Update: The Senate bill was stopped in a committee but later the language was sneaked into an “omnibus” bill and because law. No legislator or lobbyist or advocate warned us that this was happening. Is this the best we could expect of Marty, in particular?? Cynicism is not easy to avoid….
Here are two bills intended to roll back some air quality regulations.
My sources say these bills are intended to greases the skids for the mining company Magentation. http://www.magnetation.com/ . But the changes are not artfully written, as bills often are, to focus on one facility. Rather, the damage would apparently be statewide. The essence seems to be an effort to remove “fugitive emissions” from permit limits. Fugitive emissions are as opposed to smokestack emissions. In some facilities, such as ones processing piles or ore or sand, “fugitives” would be most of the emissions. (Text of bill below.)
“Requiring the pollution control agency (PCA) commissioner to amend certain agency rules relating to potential emissions or potential to emit(rt)”
The sponsors of these bills are all well known as servants of mining interests:
HF 1300 has already been approved by one House Committee. SF1092 is before the Senate Environment and Energy Committee ,
chaired by Sen. John Marty, on March 19, 2013.
ACTION: Contact the members of the
Environment and Energy Committee asking them NOT APPROVE SF1092:
email@example.com, firstname.lastname@example.org, email@example.com, firstname.lastname@example.org, email@example.com, firstname.lastname@example.org, email@example.com, firstname.lastname@example.org, email@example.com, firstname.lastname@example.org, email@example.com, firstname.lastname@example.org, email@example.com, Senator John Marty <firstname.lastname@example.org>
If you can make one call, please call Sen. Marty: 651-296-5645 .
Minnesota Governor’s Mining Subcabinet
Governor Mark Dayton has appointed a Mining Subcabinet, whose goal is to ensure that state agency actions/decisions on exisiting or proposed mining projects are on-tract, timely, and coordinated. Members of the Mining Subcabinet include: Iron Range Resources & Rehabilitation Board Commissioner, Minnesota Pollution Control Agency Commissioner, Minnesota Department of Natural Resources Commissioner, and Department of Employment and Economic Development Commissioner. Governor Dayton also has created a Minnesota Mining Coordinator position to facilitate and streamline projects in Minnesota. The purpose of the Mining Coordinator position is to: serve as a first point of contact for mining companies on existing proposed mining projects; convene and facilitate the Mining Subcabinet; act as a liaison and facilitate interactions among regulatory agencies both state and federal.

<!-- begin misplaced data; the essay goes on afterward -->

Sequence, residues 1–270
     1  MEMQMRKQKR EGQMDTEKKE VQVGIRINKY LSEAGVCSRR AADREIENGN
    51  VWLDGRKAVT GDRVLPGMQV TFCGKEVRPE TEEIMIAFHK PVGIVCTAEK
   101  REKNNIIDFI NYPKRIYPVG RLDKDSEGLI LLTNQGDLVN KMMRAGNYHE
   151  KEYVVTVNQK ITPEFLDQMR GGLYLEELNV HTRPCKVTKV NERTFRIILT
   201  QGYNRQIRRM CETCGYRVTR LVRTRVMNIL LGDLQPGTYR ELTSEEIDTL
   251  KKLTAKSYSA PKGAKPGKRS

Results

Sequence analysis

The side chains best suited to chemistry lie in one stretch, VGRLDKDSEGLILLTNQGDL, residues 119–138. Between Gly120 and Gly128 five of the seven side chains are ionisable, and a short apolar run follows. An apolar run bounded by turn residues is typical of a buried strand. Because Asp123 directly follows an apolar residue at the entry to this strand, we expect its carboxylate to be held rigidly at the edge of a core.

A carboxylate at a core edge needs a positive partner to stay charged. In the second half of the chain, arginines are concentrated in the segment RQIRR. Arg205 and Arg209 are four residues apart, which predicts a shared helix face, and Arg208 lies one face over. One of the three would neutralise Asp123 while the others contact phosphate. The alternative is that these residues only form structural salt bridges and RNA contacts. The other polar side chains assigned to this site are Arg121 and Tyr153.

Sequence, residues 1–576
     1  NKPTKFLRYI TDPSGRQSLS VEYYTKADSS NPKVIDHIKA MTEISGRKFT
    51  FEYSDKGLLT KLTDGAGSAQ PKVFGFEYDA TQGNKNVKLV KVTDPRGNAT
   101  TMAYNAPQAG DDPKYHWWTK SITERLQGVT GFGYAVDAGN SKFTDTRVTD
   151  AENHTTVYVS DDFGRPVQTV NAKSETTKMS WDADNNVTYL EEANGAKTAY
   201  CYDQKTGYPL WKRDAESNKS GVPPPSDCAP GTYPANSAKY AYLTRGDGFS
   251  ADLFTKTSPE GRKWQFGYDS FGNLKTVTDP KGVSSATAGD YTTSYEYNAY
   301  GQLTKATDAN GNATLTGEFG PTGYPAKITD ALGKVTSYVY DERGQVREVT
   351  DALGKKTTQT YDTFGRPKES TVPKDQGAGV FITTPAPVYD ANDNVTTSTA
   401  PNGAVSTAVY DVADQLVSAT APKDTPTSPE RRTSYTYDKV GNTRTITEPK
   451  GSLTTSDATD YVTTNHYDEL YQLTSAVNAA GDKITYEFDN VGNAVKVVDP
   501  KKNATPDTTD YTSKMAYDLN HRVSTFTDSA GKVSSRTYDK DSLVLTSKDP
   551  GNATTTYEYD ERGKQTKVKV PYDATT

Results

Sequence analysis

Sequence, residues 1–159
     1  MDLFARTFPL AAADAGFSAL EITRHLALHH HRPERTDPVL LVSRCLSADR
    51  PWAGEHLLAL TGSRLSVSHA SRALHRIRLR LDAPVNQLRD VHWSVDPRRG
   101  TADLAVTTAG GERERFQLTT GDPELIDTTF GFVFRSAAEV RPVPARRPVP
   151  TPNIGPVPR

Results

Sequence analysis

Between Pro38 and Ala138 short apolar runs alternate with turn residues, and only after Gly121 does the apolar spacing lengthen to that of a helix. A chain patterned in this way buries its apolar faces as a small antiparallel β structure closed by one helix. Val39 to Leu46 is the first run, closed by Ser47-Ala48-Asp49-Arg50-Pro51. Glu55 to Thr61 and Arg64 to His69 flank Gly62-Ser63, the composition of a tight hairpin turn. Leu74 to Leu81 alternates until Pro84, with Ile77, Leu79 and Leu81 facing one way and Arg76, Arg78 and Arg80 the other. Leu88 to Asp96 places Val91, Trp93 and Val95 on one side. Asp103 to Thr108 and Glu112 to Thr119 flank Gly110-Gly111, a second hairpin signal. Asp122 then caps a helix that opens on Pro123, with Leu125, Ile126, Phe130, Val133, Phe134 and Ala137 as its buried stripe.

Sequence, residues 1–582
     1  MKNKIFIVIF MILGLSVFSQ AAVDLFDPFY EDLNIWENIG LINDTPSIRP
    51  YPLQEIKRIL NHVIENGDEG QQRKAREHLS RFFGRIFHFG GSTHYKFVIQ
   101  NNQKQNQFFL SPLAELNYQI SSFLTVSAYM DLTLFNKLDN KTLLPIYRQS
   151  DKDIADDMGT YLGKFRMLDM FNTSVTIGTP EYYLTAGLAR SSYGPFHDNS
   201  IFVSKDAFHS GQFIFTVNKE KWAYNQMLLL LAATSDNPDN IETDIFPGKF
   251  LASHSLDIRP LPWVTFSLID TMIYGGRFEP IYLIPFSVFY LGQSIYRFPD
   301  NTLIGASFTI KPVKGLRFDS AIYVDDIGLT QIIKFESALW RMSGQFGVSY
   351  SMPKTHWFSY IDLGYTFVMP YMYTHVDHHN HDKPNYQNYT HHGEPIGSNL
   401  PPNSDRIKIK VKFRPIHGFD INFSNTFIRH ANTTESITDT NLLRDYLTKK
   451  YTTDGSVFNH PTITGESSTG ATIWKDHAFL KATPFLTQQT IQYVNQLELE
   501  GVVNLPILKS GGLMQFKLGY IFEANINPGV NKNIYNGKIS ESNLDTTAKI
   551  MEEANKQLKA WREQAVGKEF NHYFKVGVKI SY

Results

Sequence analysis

Joe Henderson, State Mining Coordinator
I wrote about the posting of the job position Mr. Henderson holds a year ago:
A bill for an act
1.2relating to environment; directing the Pollution Control Agency to modify a rule
1.3on fugitive emissions.
1.4BE IT ENACTED BY THE LEGISLATURE OF THE STATE OF MINNESOTA:
1.5 Section 1. RULEMAKING; FUGITIVE EMISSIONS.
1.6(a) The commissioner of the Pollution Control Agency shall amend Minnesota
1.7Rules, part 7005.0100, subpart 35a, to read:
1.8“”Potential emissions” or “potential to emit” means the maximum capacity while
1.9operating at the maximum hours of operation of an emissions unit, emission facility, or
1.10stationary source to emit a pollutant under its physical and operational design. Any physical
1.11or operational limitation on the capacity of the stationary source to emit a pollutant,
1.12including air pollution control equipment and restriction on hours of operation or on the
1.13type or amount of material combusted, stored, or processed, must be treated as part of its
1.14design if the limitation or the effect it would have on emissions is federally enforceable.
1.15Secondary emissions must not be counted in determining the potential to emit of
1.16an emissions unit, emission facility, or stationary source. Fugitive emissions shall not
1.17be counted when determining potential to emit, unless required under part 7007.0200,
1.18subpart 2, item B.”
1.19(b) The commissioner may use the good cause exemption under Minnesota Statutes,
1.20section 14.388, subdivision 1, clause (3), to adopt rules under this section, and Minnesota
1.21Statutes, section 14.386, does not apply, except as provided under Minnesota Statutes,